Starlight’s goal with the Design-a-Gown contest was to create hospital gowns that kids actually want to wear. First, Starlight created gowns that are soft, comfortable, and tie down the side instead of the back (no more buns hanging out!). Then, they asked the public to submit designs along with stories about why they wanted to participate.

Max and Ava’s gown design was one of three finalists. The front features colorful moons, planets, shooting stars, a robot, a spaceship on the moon, and a pair of kid astronauts floating above it. Oh, and a space dog! The back shows the astronauts and dog parachuting back to Earth.  

Ava and Max's gown design, front and back. Image via Starlight Children's Foundation.

The ideas isn’t just cute; it’s also functional. Max explained that nurses can use the design to distract and entertain kids when they’re having shots or other painful or scary procedures. “The lady who’s taking the shot, she would be like ‘Oh, can you find the star?’ or something, and they’d be like ‘Oh there!’ while they’re taking the shot.”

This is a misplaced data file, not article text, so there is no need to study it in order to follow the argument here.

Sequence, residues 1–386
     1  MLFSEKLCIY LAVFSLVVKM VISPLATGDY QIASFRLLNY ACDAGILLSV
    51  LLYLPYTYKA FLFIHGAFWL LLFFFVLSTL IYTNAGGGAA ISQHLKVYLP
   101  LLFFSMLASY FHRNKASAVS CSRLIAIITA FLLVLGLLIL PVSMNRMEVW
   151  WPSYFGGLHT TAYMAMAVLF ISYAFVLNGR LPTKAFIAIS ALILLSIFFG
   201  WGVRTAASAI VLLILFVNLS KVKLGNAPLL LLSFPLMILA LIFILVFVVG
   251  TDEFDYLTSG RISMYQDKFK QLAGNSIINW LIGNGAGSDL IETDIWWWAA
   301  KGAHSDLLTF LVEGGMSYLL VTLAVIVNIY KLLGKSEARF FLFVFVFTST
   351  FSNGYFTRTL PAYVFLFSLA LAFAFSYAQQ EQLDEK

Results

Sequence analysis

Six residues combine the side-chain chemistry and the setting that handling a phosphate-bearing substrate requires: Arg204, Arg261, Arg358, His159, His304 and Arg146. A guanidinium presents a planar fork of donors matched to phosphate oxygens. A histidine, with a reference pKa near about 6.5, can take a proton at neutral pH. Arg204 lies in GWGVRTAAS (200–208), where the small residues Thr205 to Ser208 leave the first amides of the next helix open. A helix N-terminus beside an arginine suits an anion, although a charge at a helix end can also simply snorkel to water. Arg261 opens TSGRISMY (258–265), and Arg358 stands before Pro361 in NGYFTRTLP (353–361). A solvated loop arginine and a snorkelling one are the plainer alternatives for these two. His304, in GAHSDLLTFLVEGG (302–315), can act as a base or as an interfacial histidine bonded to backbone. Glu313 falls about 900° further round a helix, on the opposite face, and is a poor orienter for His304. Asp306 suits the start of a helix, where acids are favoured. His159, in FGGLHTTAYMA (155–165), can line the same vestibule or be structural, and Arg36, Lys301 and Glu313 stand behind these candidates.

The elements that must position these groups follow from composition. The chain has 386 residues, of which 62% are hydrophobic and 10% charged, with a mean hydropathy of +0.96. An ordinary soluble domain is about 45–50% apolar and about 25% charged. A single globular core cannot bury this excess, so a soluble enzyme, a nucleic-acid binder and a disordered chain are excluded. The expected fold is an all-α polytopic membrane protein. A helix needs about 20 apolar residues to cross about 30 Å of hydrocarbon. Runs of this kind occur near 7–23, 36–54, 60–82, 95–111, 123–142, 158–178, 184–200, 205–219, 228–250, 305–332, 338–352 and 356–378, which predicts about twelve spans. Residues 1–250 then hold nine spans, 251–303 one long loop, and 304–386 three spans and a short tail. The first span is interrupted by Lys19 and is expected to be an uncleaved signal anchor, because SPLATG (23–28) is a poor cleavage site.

Who wouldn't love it?

The Starlight Foundation takes things like fun gown designs seriously “because sick kids are still kids.”

Thankfully, Benny is in remission right now, but LCH is a hard disease to cure. He’ll likely have more hospital visits in his future, and anything that can make those stays more enjoyable is a big deal.

Screenshot via Starlight Children's Foundation.

Thanks to Ava, Max, and others who submitted designs to the Design-a-Gown contest, kids with serious illnesses or injuries will have a bit brighter experience with Starlight’s network of more than 700 children’s hospitals and community health partners.

Kids who are sick can use any happiness and joy we can offer them.

Note: Nope, we weren't paid to promote The Starlight Foundation — we'd tell you! We just think this is a great story about what they're doing to make the world a bit better.

True

Shanda Lynn Poitra was born and raised on the Turtle Mountain Reservation in Belcourt, North Dakota. She lived there until she was 24 years old when she left for college at the University of North Dakota in Grand Forks.